Similarly, a development partnership between Samsung and Sony has yielded a small number of products, including Sony’s Qualia 005 (a 46-inch LCD panel) and Samsung’s LN-S8297DE (a gigantic 82-inch LCD panel). Samsung has also been working with Texas Instruments’ DLP (Digital Light Processing) technology to build a DLP rear-projection TV that uses LEDs instead of a traditional projection lamp.
Those products all, like NEC’s, use an array of red, green, and blue LEDs to create a pure, adjustable white backlight, and the visible results in each case are impressive.
Still, the technology ultimately only improves color accuracy and not necessarily contrast.
To create a true HDR display, Brightside exploits another critical characteristic of LEDs. As solid-state devices, LEDs can be turned on and off extremely quickly-within nanoseconds. They can also shine at reduced power levels to produce a gray light. Most importantly, Brightside modulates the LEDs individual on the fly, adjusting for each display image and even each “field” of 60 field/sec motion video. That fields two important improvements over traditional LCDs.
First, turning the LED backlights off while the liquid crystals are changing state (turning) helps minimize the image ghosting that remains a negative LCD stereotype with video. Second, the DR37-P actually looks ahead a handful of video frames to analyze the picture, then adjusts the LEDs individually to accommodate light and dark scenes and light and dark areas of the scenes. That’s where Brightside really reaches the full potential of high dynamic range.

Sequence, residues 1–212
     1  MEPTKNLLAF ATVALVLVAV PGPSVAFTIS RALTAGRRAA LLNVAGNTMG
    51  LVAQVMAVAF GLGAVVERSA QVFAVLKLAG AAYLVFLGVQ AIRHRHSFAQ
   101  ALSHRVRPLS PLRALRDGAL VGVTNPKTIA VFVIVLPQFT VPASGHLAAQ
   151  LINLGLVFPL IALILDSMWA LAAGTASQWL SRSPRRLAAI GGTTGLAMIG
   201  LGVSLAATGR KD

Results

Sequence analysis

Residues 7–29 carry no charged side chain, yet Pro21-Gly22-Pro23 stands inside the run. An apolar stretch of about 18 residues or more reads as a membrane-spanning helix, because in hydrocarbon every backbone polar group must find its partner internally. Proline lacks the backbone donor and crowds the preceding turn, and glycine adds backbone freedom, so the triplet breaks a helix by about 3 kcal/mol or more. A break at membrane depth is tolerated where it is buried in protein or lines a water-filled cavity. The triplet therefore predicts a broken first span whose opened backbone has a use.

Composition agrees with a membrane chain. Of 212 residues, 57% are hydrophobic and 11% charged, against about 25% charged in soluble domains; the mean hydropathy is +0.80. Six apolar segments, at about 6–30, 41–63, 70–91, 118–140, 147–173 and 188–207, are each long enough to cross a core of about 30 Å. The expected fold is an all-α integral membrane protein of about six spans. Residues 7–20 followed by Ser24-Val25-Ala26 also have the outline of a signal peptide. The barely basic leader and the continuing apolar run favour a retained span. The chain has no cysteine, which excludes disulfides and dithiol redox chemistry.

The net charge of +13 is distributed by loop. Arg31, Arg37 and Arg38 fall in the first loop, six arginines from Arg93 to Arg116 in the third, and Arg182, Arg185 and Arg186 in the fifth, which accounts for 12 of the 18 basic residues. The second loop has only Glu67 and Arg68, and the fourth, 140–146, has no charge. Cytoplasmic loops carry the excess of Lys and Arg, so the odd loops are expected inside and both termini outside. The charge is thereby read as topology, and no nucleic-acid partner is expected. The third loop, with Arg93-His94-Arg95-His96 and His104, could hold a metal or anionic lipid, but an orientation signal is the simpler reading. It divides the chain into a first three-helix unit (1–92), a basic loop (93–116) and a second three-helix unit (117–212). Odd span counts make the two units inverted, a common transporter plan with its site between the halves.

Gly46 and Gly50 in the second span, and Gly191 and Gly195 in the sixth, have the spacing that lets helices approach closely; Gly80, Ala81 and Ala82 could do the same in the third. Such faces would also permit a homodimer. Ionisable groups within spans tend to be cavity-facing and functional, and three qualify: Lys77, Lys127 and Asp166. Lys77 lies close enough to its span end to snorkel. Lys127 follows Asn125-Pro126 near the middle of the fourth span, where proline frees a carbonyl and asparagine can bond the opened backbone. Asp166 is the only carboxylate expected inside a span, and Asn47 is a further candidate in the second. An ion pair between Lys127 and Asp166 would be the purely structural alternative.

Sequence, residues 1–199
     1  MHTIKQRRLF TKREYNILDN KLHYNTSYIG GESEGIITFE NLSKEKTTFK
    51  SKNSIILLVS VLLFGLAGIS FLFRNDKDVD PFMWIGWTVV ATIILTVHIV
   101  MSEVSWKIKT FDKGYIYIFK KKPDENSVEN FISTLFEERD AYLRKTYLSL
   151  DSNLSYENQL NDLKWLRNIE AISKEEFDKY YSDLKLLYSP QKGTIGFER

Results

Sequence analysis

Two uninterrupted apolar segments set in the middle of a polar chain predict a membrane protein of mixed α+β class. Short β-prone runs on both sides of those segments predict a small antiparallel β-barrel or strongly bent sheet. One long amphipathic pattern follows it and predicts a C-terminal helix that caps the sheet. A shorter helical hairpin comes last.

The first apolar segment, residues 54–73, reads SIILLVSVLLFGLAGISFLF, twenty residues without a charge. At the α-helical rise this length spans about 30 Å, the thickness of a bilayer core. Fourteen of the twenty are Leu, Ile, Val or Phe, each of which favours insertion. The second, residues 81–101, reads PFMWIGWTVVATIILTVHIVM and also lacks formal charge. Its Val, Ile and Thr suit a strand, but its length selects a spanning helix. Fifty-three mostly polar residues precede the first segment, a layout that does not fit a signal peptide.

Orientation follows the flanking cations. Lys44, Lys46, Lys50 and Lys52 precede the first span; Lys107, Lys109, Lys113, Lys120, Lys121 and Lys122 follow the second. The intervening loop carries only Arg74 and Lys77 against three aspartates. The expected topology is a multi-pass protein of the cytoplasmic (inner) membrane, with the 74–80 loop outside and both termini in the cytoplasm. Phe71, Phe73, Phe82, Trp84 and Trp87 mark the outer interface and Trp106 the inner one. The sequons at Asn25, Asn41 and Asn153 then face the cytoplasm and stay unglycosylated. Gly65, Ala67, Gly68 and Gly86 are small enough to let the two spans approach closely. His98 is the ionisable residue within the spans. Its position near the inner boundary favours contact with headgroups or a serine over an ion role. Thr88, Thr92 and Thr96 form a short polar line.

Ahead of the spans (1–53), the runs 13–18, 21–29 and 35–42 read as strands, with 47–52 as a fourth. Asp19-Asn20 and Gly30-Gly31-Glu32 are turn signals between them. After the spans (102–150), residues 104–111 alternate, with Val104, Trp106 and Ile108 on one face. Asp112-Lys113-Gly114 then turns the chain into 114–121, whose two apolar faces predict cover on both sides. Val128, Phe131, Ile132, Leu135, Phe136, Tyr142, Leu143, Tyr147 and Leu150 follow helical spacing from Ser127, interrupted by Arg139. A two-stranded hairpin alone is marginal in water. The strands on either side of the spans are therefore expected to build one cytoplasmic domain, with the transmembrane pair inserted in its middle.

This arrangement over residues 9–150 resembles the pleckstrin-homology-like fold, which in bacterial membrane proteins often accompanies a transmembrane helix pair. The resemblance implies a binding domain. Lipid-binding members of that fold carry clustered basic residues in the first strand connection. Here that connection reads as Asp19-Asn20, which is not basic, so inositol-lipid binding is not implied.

As I stated earlier, our eyes can distinguish contrast in the 1,000,000:1 range, but that’s not the whole story. At any given instant, we are much more limited-in the order of just 100:1. That’s why you can’t, for example, go to a bright, sunny beach and expect to immediately see something inside a dark tote bag. Our pupils need to dilate and adjust to the new luminance range of the inner tote bag to allow us to discern objects. Similarly, we can readily differentiate objects in dark evening shadows (a survival defense mechanism) because our eyes have adjusted to a different overall luminance.
Brightside’s panel adjusts the brightness levels so that dark and bright environments can be seen clearly.
In order to create a similar range, Brightside uses an array of 1380 LEDs with mildly defused pixels behind the 1920x1080 LCD matrix. Analyzing a given image allows the DR37 to adjust each individual LED, thereby exploiting a full LCD contrast ratio in the various sectors of a single image. Dark areas can have smartly defined shadows and highlights, while still allowing bright areas to shine enough to create the painful glow of looking at the sun.
In that way, Brightside has given an LCD panel something like dilating LEDs that act much like our eyes, adjusting to the brightness and allowing us to see both dark and bright environments clearly. And that, leveraging such a high dynamic range, creates a far more lifelike viewing experience.
Brightside’s technology is still new and quite expensive, but it does offer an attractive glimpse at what is possible for future displays. Minimally, the work of Brightness, NEC, Sony, and Samsung has piqued the interest of LED manufacturers and has yielded some dramatic performance increases during the last couple of years, with more on the horizon. And, that bodes well for the future of HDR displays.
Jeff Sauer is a contributing editor of Computer Graphics World and director of the Digital Video Group, an independent research and testing organization for digital media. He can be reached at firstname.lastname@example.org.
Computer Graphics World April, 2006